New reports find wind energy is more affordable than ever

Wind energy costs are lower than ever, with steady advances in technology and better wind-turbine performance, according to three new reports released by the U.S. Department of Energy (DOE). The new DOE reports include: The “2016 Wind Technologies Market Report,” the “2016 Offshore Wind Technologies Market Report,” and the “2016 Distributed Wind Market Report.”

Power County Wind Farm

Now that the cost of wind has become more affordable, DOE’s reports show wind power is the leading source of renewable energy capacity in the U.S.

“The Department of Energy’s research shows that wind power is a bright spot on the American energy landscape,” said Tom Kiernan, CEO of the American Wind Energy Association (AWEA). “U.S. wind projects are already among the most productive in the world, and this new data proves we have even greater potential to deliver affordable, reliable, and clean electricity to the American people.”

Wind energy has reached historically low prices according to the DOE. Average prices for wind energy power purchase agreements (PPAs) fell to roughly $20 per MWh last year, with some of the lowest prices in heartland states like Texas, Oklahoma and Iowa. DOE’s data showing that the average PPA price for wind has fallen by two-thirds since 2009 confirm other data showing a two-thirds decline in the levelized cost of energy (LCOE) from wind.

The two primary factors driving down the cost of wind energy are reduced wind plant costs and higher productivity. DOE data show that it costs 33% less, on average, to install a new wind project compared to the peak reported in 2009 and 2010. This is a remarkable achievement, as cost reductions have been achieved while adopting longer turbine blades, using advanced materials, and making other improvements that would ordinarily tend to increase costs.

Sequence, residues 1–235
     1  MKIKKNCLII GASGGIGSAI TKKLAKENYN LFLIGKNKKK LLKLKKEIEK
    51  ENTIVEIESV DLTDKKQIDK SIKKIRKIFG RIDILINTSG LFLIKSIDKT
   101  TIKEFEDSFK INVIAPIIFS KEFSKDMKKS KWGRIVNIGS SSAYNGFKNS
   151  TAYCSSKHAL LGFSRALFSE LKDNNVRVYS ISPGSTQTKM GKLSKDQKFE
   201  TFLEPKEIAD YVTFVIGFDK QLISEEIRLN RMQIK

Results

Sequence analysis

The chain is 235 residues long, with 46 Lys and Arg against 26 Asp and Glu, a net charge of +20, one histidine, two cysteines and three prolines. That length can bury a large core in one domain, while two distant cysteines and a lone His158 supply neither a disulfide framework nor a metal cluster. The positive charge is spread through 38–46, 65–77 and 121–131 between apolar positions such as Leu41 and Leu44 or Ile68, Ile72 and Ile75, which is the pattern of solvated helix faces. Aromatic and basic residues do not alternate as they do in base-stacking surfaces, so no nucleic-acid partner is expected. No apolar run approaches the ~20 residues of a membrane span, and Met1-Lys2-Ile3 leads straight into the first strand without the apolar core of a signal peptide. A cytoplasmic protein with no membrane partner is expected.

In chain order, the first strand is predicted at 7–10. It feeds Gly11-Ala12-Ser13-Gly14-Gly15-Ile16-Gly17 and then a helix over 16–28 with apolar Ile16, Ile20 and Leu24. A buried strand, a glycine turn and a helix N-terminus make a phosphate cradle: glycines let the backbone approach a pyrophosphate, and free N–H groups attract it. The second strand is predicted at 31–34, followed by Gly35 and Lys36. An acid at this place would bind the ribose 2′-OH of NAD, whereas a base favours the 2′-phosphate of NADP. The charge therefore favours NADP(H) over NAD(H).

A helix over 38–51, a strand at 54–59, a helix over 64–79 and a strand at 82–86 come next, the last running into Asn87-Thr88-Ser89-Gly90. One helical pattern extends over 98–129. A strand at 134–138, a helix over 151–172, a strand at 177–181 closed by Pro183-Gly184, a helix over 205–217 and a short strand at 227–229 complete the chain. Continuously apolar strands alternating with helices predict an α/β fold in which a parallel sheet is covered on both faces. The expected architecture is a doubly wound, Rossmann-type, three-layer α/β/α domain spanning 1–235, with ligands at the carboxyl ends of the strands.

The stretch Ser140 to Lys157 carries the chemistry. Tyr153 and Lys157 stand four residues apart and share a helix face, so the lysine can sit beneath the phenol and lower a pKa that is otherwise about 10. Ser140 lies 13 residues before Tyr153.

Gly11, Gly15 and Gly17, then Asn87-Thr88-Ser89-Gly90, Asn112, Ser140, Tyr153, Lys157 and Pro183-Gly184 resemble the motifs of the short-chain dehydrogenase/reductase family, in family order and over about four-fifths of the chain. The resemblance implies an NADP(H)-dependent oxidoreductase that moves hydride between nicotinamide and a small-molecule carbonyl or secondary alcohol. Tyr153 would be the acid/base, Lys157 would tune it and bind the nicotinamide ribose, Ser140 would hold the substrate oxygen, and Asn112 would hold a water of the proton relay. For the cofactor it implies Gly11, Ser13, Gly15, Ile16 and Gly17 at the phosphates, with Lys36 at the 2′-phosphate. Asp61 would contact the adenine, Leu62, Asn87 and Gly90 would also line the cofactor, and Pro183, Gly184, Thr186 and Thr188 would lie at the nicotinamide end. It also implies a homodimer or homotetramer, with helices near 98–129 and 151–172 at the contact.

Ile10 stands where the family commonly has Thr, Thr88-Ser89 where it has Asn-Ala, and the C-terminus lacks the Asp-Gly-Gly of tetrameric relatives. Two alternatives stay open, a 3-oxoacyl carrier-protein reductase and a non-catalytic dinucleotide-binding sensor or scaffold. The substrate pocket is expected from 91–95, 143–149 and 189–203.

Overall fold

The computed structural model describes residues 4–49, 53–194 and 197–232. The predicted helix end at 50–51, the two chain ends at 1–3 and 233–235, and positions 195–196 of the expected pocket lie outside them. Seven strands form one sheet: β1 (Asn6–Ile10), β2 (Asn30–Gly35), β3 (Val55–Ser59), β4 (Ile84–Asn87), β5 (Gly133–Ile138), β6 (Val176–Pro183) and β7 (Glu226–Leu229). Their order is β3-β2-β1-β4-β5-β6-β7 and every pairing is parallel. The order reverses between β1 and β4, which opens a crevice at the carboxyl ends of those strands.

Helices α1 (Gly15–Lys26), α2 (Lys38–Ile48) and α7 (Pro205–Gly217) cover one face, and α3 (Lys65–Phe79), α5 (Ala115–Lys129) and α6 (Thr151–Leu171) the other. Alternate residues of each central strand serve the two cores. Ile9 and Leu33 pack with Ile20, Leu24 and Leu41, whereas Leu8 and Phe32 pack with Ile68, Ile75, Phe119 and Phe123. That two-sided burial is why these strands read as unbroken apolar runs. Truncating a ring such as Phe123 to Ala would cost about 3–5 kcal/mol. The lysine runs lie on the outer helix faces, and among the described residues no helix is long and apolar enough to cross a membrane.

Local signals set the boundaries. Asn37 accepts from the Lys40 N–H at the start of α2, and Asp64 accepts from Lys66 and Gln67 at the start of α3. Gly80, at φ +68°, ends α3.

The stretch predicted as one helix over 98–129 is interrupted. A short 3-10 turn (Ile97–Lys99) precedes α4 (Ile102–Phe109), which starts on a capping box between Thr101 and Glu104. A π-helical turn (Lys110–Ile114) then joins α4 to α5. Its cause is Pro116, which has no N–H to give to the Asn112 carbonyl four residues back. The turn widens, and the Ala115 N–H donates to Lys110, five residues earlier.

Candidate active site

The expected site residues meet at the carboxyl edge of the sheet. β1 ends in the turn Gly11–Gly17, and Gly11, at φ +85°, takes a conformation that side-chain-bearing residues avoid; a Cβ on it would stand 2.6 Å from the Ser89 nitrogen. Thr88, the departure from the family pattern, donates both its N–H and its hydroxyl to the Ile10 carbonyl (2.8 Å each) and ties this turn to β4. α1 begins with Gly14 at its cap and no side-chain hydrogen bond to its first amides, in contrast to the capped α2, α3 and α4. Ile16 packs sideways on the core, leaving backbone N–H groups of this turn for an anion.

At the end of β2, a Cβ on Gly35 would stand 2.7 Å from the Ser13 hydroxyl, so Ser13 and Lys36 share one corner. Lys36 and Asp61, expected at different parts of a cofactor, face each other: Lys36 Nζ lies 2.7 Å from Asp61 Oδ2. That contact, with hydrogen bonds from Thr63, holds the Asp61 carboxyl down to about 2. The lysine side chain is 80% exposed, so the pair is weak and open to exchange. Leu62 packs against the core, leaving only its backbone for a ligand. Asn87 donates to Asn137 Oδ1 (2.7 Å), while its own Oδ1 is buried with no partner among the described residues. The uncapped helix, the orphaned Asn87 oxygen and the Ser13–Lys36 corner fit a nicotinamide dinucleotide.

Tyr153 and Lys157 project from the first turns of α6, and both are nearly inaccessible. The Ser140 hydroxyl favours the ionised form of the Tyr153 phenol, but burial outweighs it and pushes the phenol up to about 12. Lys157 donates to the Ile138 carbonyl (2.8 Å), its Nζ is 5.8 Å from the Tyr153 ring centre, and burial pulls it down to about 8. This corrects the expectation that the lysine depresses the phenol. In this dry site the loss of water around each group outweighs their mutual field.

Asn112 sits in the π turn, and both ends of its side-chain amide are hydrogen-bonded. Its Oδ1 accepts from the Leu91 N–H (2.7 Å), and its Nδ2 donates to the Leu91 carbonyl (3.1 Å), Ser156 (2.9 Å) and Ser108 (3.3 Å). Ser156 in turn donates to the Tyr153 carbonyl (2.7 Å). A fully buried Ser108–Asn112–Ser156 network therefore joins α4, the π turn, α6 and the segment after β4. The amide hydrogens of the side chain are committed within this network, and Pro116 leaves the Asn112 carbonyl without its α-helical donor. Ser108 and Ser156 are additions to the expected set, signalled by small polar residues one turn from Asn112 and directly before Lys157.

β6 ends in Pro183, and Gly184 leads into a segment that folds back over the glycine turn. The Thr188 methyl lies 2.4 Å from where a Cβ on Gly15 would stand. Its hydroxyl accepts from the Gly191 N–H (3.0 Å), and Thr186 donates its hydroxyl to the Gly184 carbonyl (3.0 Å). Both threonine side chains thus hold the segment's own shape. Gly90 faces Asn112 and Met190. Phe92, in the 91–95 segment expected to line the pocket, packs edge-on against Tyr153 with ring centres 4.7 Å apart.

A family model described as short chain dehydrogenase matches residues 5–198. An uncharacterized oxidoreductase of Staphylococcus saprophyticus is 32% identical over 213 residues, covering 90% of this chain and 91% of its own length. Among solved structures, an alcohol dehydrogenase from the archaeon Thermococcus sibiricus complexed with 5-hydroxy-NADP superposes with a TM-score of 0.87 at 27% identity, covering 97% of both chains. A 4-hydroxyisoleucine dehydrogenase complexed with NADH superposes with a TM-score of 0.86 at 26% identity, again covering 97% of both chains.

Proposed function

Regarding productivity, technological innovations are helping wind turbines optimize their performance by reaching stronger, steadier winds. Longer blades in particular helped to boost new wind turbine performance, with wind projects built in 2014 and 2015 reporting a 42.5% average capacity factor in 2016, compared to a 32.1% capacity factor for projects built between 2004 and 2011.

The DOE’s reports support AWEA data that show wind power is now the leading source of renewable energy capacity in the U.S. The wind industry deployed 8,203 MW in 2016, for a total of 82,143 MW of installed capacity at the end of the year — with enough wind power online to power 25 million average American homes.

As wind power grows, so does the American workforce. The DOE found U.S. wind jobs are up 32% over 2015. This backs up AWEA data finding there are over 100,000 U.S. wind jobs in total.

Concerning offshore wind, global costs and prices are also falling. Europe has seen the biggest reductions in cost, though confidence is rising in the burgeoning U.S. market. The first U.S. offshore wind project came online in 2016 and over 20 projects totaling 24,135 MW of capacity are now under development according to DOE. Offshore wind turbines are trending larger, with the average global turbine size increasing from 3.4 MW in 2014 to 4.7 MW in 2016.

Innovations in floating foundations could eventually unlock development opportunity in deeper waters like those off the West Coast and Hawaii.

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